Monday 13 October 2008

The Copy-Edited Manuscript

After two weeks of severe eye strain, I have finished work on my copy-edited manuscript and fedexed it back across the ocean to my publisher. Big relief.

A book passes through many hands as it makes the journey from messy manuscript to polished volume. Of all the people who will end up working on my story, the copy editor is the most meticulous. This person, who is always nameless, and who I never get to meet or speak to, checks every comma and hyphen, ensures my use of "which" and "that" is correct, checks my spelling, weeds out typos and massages my grammar. Whereas my editor gets to make the grand, operatic gestures, the copy editor's work is more discreet. My editor may decide to kill off a character, my copy editor may decide to kill off a comma. Not that this does not sometimes have profound ramifications:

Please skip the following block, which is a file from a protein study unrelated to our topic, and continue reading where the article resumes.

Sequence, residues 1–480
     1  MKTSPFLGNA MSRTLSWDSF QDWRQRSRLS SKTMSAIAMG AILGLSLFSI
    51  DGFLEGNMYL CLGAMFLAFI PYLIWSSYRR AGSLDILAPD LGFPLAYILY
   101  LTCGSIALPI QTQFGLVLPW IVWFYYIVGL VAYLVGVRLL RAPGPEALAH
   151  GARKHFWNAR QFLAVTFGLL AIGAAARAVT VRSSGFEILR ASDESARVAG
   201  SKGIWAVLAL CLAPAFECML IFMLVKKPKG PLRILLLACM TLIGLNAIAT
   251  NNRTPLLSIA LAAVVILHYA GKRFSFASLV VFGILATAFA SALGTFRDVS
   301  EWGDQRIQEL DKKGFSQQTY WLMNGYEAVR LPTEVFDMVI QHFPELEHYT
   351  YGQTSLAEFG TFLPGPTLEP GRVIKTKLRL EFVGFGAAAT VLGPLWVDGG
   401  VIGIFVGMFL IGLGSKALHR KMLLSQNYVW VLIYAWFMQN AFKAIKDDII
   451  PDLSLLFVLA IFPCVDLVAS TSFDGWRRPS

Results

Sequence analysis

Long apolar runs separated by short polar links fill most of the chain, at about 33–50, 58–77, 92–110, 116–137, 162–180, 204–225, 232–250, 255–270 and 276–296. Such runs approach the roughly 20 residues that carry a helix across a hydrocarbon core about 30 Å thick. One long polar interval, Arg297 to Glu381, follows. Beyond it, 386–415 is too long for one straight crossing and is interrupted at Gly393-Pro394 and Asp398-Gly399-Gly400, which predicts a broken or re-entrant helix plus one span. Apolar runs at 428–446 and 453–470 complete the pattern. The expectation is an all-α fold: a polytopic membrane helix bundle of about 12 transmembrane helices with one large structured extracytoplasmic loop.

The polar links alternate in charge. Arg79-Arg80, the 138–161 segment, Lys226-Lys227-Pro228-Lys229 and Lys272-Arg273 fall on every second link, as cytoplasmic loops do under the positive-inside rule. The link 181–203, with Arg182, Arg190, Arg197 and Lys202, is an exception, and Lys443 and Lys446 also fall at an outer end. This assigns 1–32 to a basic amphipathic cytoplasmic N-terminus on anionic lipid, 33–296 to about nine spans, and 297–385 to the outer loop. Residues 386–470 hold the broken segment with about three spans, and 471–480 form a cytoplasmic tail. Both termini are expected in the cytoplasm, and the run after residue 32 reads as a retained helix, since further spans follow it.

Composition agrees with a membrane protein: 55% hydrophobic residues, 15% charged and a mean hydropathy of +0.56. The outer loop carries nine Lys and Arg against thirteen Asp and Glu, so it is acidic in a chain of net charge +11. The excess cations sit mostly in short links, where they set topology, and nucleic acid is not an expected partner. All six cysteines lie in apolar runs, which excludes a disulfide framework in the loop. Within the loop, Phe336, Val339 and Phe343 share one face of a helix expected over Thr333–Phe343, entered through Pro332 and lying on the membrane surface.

My wife Jill. In heaven is she, not in hell -- I know that well.
My wife Jill. In heaven is she not, in hell -- I know that well.